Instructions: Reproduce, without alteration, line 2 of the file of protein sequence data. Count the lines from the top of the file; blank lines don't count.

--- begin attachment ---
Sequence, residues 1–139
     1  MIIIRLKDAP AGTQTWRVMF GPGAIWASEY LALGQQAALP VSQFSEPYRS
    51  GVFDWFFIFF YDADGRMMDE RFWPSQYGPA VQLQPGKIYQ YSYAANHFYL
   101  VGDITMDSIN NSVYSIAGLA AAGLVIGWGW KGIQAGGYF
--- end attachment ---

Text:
     1  MIIIRLKDAP AGTQTWRVMF GPGAIWASEY LALGQQAALP VSQFSEPYRS